Gizzard Shad (Dorosoma cepedianum)

Drawing of Gizzard Shad (Dorosoma cepedianum)

Illustration © TPWD

Other Names
Shad, Hickory Shad, Herring, Skipjack
Dorosoma is Greek for "lance body", referring to the lance-like shape of young shad. The species epithet cepedianum refers to the French naturalist Citoyen Lacepede. Gizzard shad are usually easily distinguished from threadfin shad by the fact that the upper jaw projects well beyond the lower jaw. Amateur ichthyologists can run a finger underneath the mouth forward, and if the fingernail catches on the upper jaw and opens the mouth, in most cases the fish is a gizzard rather than a threadfin shad. The anal fin usually has 29-35 rays, as opposed to 20-25 rays found in threadfin shad. The upper surface is silvery blue, and grades to nearly white on the sides and belly. Fins do not have the yellowing tint present in threadfin shad. Unlike threadfin shad, the chin and floor of the mouth in this species is not speckled with black pigment. Although the species commonly grows to lengths of 9-14 inches, some have been reported to exceed 20 inches in length. In Texas the record (taken with a spear gun) is an 18.25-inch specimen that weighed in at 2.97 pounds.
Life History
The species is most often found in large schools. The common name "skipjack" is derived from the fact that individuals within a school may often be observed leaping out of the water or skipping along the surface on their sides. Spawning generally takes place in late spring, usually in shallow protected water. Eggs and milt are released in the school, seemingly without regard for individual mates. Adhesive eggs attach to submerged objects and hatch in about 4 days. Although adult shad are moderately deep-bodied, fry are extremely slender and delicate looking until they reach about 1.25 inches in length. Gizzard shad are planktivorous. Young feed on microscopic animals and plants, as well as small insect larvae. Adults feed by filtering small food items from the water using their long, close-set gill rakes.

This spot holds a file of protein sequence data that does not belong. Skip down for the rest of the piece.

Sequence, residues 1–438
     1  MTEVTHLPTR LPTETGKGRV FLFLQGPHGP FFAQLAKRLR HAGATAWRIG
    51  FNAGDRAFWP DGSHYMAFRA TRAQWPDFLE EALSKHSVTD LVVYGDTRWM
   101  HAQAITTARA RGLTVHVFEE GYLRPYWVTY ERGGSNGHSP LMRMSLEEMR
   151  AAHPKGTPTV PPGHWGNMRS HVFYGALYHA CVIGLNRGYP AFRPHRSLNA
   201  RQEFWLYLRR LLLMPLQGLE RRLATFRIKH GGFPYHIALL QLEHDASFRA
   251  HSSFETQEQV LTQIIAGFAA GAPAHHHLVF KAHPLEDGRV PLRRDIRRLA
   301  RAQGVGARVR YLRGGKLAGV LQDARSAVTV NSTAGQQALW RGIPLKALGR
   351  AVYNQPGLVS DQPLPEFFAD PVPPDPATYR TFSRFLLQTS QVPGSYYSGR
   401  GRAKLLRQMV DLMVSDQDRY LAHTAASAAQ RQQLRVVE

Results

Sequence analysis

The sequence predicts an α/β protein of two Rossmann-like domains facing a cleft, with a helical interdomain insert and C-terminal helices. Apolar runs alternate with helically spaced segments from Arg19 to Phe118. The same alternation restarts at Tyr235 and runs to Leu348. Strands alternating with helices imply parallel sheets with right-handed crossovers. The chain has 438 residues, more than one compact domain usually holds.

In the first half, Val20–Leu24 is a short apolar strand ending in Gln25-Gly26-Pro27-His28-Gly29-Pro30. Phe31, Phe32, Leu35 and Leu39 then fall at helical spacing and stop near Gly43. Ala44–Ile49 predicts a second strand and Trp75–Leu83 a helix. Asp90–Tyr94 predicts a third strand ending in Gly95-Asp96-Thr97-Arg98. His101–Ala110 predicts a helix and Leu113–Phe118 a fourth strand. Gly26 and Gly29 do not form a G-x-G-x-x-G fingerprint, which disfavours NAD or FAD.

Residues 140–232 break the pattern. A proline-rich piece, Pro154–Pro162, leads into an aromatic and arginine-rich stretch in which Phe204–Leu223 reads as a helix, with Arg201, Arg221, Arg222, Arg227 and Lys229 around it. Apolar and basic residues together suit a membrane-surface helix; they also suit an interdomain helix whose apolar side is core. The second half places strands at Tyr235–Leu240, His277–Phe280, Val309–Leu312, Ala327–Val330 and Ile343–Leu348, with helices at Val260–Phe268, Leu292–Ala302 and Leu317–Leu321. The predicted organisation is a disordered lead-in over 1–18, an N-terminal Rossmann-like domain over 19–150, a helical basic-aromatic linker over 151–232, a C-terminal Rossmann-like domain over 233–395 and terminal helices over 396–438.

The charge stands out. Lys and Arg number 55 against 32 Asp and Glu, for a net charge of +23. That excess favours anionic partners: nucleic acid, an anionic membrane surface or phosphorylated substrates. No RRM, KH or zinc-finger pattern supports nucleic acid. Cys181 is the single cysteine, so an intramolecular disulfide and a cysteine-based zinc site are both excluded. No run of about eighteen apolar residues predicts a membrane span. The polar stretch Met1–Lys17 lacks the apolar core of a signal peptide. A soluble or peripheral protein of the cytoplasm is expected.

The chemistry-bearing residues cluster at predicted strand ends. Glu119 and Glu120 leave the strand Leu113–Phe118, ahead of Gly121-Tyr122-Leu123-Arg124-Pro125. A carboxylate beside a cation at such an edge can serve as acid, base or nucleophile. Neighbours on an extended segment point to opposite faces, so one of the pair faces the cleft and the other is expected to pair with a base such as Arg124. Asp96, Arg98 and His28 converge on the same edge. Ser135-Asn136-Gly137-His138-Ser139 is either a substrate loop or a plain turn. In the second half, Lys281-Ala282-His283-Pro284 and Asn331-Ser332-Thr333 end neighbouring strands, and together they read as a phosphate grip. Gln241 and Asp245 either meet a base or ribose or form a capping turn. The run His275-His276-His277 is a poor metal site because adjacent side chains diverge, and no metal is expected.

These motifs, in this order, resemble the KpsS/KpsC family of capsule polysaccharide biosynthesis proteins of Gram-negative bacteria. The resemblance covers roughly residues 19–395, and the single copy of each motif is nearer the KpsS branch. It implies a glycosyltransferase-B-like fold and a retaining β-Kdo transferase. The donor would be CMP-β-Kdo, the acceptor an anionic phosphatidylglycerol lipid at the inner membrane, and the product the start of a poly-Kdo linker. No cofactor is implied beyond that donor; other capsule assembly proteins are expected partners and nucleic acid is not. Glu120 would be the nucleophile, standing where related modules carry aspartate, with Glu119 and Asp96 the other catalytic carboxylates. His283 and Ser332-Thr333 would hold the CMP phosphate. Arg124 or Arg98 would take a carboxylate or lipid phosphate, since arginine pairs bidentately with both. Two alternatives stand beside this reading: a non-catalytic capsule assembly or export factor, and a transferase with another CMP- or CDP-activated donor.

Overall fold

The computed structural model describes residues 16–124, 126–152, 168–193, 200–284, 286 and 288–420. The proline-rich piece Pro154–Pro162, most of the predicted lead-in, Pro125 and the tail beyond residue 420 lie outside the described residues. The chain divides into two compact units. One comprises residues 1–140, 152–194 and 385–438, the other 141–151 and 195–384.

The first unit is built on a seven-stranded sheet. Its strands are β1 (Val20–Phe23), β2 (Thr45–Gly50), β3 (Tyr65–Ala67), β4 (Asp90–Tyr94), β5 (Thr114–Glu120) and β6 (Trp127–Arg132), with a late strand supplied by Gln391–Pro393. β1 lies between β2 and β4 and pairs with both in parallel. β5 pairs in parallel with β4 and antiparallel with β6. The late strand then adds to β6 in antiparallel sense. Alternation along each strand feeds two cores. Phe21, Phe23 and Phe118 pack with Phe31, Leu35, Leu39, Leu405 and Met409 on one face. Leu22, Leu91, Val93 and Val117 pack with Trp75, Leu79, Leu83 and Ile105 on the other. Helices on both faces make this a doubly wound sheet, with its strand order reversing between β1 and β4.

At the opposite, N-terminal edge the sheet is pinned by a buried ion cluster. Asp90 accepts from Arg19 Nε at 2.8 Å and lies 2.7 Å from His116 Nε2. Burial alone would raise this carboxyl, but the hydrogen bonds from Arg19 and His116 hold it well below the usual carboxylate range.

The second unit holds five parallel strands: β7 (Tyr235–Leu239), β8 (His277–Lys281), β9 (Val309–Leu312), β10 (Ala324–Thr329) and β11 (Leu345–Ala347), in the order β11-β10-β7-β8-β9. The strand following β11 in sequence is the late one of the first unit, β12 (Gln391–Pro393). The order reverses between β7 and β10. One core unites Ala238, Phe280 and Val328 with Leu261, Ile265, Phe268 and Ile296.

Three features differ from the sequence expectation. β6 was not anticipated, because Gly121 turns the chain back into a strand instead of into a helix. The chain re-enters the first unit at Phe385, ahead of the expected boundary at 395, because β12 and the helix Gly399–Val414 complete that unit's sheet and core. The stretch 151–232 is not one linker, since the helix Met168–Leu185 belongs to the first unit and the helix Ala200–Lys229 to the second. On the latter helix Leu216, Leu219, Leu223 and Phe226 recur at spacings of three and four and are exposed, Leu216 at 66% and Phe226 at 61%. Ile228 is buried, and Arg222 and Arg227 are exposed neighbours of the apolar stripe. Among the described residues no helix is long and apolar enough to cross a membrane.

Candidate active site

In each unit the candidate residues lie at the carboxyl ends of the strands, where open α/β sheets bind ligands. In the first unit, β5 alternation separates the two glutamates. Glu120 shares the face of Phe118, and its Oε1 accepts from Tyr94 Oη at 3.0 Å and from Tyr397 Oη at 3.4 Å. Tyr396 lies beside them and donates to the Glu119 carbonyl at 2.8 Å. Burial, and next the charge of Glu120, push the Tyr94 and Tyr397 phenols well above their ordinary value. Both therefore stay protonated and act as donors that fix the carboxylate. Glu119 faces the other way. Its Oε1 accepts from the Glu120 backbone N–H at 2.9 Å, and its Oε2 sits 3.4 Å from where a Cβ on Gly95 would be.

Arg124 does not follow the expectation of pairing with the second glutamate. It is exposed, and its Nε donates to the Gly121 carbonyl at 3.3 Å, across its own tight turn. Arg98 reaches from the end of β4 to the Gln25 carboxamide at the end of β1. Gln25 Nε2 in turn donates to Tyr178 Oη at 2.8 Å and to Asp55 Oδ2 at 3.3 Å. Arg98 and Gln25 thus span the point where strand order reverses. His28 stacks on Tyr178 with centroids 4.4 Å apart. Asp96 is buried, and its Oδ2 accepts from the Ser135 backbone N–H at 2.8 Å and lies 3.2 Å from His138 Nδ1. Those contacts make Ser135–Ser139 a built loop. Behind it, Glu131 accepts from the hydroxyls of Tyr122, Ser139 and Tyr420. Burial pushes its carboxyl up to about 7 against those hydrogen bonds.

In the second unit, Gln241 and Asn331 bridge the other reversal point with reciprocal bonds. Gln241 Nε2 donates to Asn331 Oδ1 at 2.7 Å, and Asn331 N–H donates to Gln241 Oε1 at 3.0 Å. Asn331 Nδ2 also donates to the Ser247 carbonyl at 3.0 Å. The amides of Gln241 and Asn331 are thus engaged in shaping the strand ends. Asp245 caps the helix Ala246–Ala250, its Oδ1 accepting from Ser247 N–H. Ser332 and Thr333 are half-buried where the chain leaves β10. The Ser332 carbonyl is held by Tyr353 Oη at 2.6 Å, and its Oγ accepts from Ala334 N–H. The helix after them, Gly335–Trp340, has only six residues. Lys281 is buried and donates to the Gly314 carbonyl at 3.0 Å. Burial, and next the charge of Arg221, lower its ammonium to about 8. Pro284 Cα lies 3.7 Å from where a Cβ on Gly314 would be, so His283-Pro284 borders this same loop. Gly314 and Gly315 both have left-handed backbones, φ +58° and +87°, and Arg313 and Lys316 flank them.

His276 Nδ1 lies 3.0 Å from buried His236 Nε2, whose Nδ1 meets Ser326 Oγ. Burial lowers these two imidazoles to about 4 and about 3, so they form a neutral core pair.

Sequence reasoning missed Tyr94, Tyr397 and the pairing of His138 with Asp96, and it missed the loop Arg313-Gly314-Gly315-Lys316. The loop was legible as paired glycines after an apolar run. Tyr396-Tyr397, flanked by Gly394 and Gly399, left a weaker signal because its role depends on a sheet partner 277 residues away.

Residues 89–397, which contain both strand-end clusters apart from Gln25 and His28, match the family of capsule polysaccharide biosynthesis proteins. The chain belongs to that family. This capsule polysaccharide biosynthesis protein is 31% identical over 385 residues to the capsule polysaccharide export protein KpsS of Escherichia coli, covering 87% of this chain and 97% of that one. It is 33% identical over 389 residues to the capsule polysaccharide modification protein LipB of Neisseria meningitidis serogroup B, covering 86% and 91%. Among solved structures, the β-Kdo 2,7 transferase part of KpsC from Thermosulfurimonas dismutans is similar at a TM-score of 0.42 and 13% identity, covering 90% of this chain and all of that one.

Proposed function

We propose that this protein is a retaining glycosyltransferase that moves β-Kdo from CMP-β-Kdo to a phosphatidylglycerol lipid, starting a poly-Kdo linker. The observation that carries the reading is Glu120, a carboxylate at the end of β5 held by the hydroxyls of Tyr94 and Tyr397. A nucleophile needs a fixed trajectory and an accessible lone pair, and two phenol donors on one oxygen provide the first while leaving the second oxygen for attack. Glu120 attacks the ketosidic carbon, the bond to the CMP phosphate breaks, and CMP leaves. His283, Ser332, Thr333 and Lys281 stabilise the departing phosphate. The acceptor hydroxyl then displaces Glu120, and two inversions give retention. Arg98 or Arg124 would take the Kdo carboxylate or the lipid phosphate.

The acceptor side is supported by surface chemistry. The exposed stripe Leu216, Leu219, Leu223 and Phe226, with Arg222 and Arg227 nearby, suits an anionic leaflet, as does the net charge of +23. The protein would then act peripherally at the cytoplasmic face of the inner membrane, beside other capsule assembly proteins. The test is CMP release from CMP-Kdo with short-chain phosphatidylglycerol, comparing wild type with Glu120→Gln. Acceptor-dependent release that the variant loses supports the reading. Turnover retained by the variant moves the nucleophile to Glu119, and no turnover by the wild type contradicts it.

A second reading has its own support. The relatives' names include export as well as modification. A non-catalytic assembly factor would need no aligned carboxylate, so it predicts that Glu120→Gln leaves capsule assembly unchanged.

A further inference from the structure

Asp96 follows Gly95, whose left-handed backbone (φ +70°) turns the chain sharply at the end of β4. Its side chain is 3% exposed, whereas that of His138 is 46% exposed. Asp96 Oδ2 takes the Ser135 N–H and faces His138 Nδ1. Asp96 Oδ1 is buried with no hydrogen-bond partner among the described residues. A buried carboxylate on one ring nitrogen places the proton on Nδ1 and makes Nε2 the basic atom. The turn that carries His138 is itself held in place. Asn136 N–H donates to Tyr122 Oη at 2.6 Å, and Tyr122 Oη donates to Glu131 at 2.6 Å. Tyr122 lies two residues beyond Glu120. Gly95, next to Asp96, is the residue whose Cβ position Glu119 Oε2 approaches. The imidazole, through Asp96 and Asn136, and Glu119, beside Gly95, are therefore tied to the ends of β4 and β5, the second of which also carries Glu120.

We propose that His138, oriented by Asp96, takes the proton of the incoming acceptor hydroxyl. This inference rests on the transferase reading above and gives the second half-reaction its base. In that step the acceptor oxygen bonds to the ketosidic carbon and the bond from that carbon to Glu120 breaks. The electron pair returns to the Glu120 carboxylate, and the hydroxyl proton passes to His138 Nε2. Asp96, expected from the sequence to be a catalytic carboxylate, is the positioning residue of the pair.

Gizzard shad are most abundant in large rivers and reservoirs, avoiding high gradient streams.
In Texas, gizzard shad are found in all major streams and reservoirs. The species is native to eastern North America. In the north the range includes the Saint Lawrence River and the Great Lakes (except Lake Superior), and extends west into North Dakota. Gizzard shad are found as far south as eastern Mexico, and as far west as New Mexico. The species is not found in New England, south Florida, or through most of the Appalachian Mountain chain.
Gizzard shad provide forage for most game species. They rarely bite on a hook, and when they do, they are generally considered worthless as a food fish. The species is often used as cut bait for other fish species.